20130611040635 transitor 500x280 Review: Transistor

The big difference between Bastion and Transistor is the combat. Bastion was praised for having “fun” combat when it came out and there was nice flexibility in which weapons you chose to use and upgrade which created a few different ways to approach encounters. That being said, Bastion was still real-time, twitch style combat which is not something I’m great at and I can find it a little stressful in long stretches. In fact, part of the reason it took me so long to play Transistor was just steeling myself for another twitchy combat game.

My concerns, as it turns out, were completely unfounded because the combat in Transistor is so much more.

Supergiant took the idea of flexible combat and expanded on it to the point where it’s possible for two players to go through encounters in entirely different ways. Instead of just assigning a couple of weapons, Transistor provides a number of skills (the exact selection is up to each player) and then lets you combine them in strange and beautiful ways. The player has a points cap, basically, and can juggle skills between being base skills, upgrade skills, or passive skills assuming the slot is open and the total resources used are under the points cap. Each skill has a theme but applies it in slightly different ways depending on whether it’s in a base, upgrade, or passive slot. Even just directly swapping two skills can make huge changes in the results.

Now add to all this the tools for turn-based, non-twitchy combat. In Transistor the player is able to pause the game and map out their next few moves. How many moves you can fit into your turn depends on how much distance you travel and how much time the skills you are using take. When your turn is over and you un-pause, the protagonist zips around executing all the moves and then you have to wait a while before your next turn. Between the use of turns and the highly customizable skill system, combat in Transistor becomes more of a puzzle than a shoot ‘em up.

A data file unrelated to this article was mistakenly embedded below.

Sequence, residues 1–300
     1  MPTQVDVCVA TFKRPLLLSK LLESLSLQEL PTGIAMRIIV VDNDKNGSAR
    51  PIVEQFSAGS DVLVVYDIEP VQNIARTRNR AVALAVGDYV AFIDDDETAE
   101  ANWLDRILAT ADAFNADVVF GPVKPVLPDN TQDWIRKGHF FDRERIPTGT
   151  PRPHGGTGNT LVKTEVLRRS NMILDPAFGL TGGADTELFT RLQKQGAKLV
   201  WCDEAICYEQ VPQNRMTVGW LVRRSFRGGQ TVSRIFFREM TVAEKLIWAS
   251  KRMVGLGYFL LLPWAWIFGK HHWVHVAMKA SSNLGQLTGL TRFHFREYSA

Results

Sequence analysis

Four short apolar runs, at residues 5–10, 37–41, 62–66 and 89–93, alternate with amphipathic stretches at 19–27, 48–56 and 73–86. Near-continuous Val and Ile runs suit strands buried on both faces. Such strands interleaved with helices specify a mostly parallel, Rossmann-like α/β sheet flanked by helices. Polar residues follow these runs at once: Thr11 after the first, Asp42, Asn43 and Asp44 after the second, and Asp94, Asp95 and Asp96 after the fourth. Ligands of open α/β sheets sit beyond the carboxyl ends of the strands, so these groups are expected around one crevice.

(Or more specifically it COULD be more of a puzzle, if that’s how you enjoy playing. You don’t even have to use turns at all if you don’t want to and ahhhhhh have I mentioned yet how great this game is at letting you play how you want?)

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Exploring your options when it comes to skills is highly encouraged in the game. Much like Bastion’s challenge zones, Transistor eventually opens up a hub where the player is given a number of different types of combat puzzles like “kill all of these mobs in one turn” or “stay alive for the next two minutes”. There’s also a sandbox mode where you can kill stuff to your heart’s content. And as if that wasn’t enough, the game’s lore is also tied to combat! Use each skill in battle in all three slots (base, upgrade, or passive) to unlock three pieces of story. I won’t go into details for spoiler reasons, but in an age where combat can feel so disparate from story in games (Bioshock Infinite, talking to you) it’s delightful to see a developer combine them together in a way that does justice to both.

Basically what I’m saying is that if you if you love lore and world building you should play Transistor. Oh, and if you love gorgeous graphics and music. And highly flexible combat. And great story-telling. Look, just play Transistor.



Everyone is Suspiciously Nice in FFXIV

Everyone is Suspiciously Nice in FFXIV